Colorado Mountain Goat Q & A
With Phil Mendoza & Nathan Kimball
Last fall our good friend Phil Mendoza drew a coveted Colorado mountain goat tag. When he invited us to join him and his hunting companion Nathan Kimball on the hunt it was an easy invite to accept! Especially when considering that not only is Phil a great guy, he's what we consider to be a Maven - a trusted expert who has knowledge based on an accumulation of experience in hunting and as an archer. In short, he's THE guy you want to talk to when it comes to preparing for a once in a lifetime hunt. And that's why we asked him to field some questions about his mountain goat hunt.
HOW DID YOU PREPARE FOR THIS HUNT (SCOUTING, FITNESS, PRACTICE, ETC.)?
"Having never set foot in the unit my tag was for, I started out looking into the previous year's harvest information from Colorado Parks and Wildlife. I was able to get some general information there, but nothing too specific. Then I moved to Google Earth and OnX to show me what info I was able to get looked like on a map. After that I looked for possible access points and areas that looked to get a lot of foot traffic as this unit had 3 of Colorado's 14ers in it. The next step, and probably most valuable part to the process, involved calling friends that lived in or around the area and ask if they knew anyone with real life first-hand, boots on the ground, info about this unit. After about 2 weeks of chasing down possible leads I found a recently retired Parks and Wildlife officer who had worked in the area for over a decade. During the half hour phone call I also found out he had harvested 2 mountain goats in this same unit and was able to confirm some of my early assumptions and rule out some low potential reward areas. Having hunted high country mule deer and bighorn sheep I had a pretty good idea of what to expect from a physical demand standpoint as well as a shooting competency standpoint. Lets just say that I flirted with the obsession line in these two categories a bit as I wasn't going to leave any controllable factors to chance."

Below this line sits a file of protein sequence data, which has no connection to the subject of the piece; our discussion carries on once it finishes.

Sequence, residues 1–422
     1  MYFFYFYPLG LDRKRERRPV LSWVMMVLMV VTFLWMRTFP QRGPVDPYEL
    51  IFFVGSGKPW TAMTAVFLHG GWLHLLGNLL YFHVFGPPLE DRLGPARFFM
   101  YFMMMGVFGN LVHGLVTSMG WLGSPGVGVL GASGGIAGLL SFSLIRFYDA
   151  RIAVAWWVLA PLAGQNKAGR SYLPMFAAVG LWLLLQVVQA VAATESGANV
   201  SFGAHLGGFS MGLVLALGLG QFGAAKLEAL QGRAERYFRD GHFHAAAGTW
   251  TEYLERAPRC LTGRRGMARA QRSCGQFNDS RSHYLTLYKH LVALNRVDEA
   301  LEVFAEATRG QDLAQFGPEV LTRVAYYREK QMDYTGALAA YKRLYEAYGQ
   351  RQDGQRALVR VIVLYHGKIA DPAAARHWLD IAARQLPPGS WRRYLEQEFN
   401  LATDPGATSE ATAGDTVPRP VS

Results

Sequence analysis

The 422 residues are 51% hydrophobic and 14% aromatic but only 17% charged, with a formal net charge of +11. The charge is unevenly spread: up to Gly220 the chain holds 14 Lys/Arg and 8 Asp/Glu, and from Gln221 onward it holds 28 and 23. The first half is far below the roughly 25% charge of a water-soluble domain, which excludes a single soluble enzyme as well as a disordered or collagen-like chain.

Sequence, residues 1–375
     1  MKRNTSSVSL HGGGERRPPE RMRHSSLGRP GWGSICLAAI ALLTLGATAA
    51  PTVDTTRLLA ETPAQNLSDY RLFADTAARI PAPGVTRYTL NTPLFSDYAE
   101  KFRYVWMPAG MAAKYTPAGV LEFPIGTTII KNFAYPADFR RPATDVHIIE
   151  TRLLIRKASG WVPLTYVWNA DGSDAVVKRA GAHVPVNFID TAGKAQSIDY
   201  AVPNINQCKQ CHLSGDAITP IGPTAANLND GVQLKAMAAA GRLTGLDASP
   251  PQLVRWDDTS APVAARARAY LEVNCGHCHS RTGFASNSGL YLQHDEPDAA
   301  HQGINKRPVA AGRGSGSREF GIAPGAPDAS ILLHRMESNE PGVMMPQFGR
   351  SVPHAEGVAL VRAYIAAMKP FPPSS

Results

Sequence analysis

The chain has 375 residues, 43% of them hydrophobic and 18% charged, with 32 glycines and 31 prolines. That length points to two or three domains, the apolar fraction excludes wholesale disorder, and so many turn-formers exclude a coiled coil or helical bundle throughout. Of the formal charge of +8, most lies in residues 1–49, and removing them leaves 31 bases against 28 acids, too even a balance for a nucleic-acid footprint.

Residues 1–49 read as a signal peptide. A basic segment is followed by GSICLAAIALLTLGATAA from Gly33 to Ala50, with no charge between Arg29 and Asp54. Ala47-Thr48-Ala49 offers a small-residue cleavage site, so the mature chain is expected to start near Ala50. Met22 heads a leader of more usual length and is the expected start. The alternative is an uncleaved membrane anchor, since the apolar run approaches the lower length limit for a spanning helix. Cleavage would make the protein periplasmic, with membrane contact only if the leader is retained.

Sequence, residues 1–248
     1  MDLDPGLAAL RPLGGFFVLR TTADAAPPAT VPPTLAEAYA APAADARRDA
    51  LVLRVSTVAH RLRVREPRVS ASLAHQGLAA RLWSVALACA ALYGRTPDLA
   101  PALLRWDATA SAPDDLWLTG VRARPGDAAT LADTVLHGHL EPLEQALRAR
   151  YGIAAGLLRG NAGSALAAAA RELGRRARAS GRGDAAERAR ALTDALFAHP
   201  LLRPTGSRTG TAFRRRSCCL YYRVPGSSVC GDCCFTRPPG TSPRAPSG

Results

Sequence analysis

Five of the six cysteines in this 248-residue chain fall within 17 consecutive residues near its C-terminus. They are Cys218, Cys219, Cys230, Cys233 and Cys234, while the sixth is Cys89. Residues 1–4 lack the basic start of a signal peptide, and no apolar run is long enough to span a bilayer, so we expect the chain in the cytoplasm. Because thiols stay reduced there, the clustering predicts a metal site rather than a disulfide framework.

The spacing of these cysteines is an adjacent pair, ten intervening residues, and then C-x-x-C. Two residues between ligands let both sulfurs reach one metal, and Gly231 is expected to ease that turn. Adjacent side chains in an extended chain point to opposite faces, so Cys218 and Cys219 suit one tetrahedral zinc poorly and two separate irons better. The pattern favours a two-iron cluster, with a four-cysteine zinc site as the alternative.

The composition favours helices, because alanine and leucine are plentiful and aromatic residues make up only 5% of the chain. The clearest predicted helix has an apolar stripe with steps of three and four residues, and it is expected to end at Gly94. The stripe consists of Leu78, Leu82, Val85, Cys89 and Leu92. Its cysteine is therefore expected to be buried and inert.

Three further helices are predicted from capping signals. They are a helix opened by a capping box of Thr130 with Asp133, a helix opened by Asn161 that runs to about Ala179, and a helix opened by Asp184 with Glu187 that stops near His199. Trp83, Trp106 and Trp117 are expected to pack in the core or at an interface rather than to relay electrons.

MOUNTAIN GOATS ARE NOTORIOUSLY DIFFICULT TO DETERMINE SEX. HOW DID YOU PREPARE FOR LEARNING TO IDENTIFY/DIFFERENTIATE A BILLY FROM A NANNY?
"Having drawn an either sex tag it was definitely a bit of a relief since mountain goats can be difficult to identify. I will say that the Colorado Parks and Wildlife has some pretty good Youtube videos to help hunters identify sex. I probably watched their info videos at least a half a dozen times as well as a few other videos on youtube that covered the same topic. This was one area that ended up throwing me a bit of a curve ball as I had misjudged my goat for a young billy, approximately 3 to 4 years old. She ended up being a 4 year old nanny."
"I was happy to be so well prepared.., but ended up not needing 95% of it - I was lucky enough to have just about everything go right on the first stalk."
WHAT GEAR WOULD YOU RECOMMEND FOR HIGH COUNTRY MOUNTAIN GOAT HUNTS?